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I was wondering if anyone knows a good approximation for the function $$f(x)=x\log x $$ when $x$ goes to infinity. In particular, I would like to get rid of the $\log x$ and so I need a polynomial approximation. (I think Stirling would not work very well.)

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  • $\begingroup$ You have me curious. If you already have the function, why do you want to approximate it? Also, have you tried a Taylor or Maclaurin series expansion? $\endgroup$ – David White Jun 1 at 1:12
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Let $x=a+t(b-a)$ for some $t$ in the range $0$ to $1$. You get :

Let $c=b-a$

$$y = (a+ct)log(a+ct)$$

$$y=(a+ct)log\left( a\left(1+\frac c a t\right) \right)$$

$$y = (a+ct)log(a) + (a+ct)log\left(1+\frac c a t\right)$$

You can now replace the log() in the RHS by any suitable polynomial covering a reasonable range of values.

Note that using the arbitrary choice $a=c$ greatly simplifies things.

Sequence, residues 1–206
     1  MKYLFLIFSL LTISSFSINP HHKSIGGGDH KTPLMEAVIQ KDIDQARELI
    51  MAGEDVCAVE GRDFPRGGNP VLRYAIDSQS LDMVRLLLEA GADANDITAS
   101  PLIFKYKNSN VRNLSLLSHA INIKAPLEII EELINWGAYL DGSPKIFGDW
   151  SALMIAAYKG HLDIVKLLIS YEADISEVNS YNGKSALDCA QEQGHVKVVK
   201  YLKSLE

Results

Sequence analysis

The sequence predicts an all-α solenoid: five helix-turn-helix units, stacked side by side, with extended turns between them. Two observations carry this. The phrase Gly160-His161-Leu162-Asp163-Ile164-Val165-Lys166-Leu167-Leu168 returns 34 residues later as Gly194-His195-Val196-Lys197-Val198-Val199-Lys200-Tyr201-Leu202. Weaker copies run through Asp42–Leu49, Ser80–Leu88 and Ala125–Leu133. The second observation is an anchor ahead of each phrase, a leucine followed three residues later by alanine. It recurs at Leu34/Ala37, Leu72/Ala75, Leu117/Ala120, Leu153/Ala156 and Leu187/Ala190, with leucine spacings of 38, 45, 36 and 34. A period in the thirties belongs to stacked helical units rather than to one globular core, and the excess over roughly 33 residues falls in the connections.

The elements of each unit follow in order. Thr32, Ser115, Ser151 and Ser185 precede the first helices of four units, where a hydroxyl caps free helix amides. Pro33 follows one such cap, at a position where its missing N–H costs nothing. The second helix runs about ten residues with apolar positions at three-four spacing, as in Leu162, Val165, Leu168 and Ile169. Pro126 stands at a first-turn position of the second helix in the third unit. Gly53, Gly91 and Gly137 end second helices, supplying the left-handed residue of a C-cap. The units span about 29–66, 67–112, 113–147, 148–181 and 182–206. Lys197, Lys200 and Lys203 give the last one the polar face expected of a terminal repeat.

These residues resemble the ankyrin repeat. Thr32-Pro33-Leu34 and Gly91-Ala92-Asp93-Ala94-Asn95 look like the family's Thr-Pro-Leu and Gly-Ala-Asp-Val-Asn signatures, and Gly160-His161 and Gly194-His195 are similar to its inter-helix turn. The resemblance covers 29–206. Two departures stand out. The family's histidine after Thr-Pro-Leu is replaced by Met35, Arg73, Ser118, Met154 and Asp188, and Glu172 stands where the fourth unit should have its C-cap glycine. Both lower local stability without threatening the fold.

Good expressions for $log(1+x)$ are possibly better chosen from Páde approximants than from ordinary polynomials. This page particularly mentions $log(1+x)$ Páde expressions and nearer home this Q&A on Mathematics SE describes exactly this.

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There is no adequate polynomial or power law approximation. For large $x$, $f(x)=x\log x$ grows more slowly than $x^{1+\epsilon}$ and more rapidly than $x^{1-\epsilon}$ for every $\epsilon>0$.

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  • $\begingroup$ Hey Buzz, thanks for the comment. I understand what you mean, but then, should I just say that there is no good approximation? My problem comes from the fact that I have an equation in which such terms appears, and I need to find x as a function of the rest; so what could I do? Just say that it is not possible to solve it? $\endgroup$ – Jordi Jun 1 at 0:34
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By the substitution $u=\frac{1}{x}$ you can convert this to approximating $g(u)=-\displaystyle{\frac{\ln(u)}{u}}$ for $u\to0$. Then you can use the Taylor series for $g(u)$ centered at $u=1$, for example.

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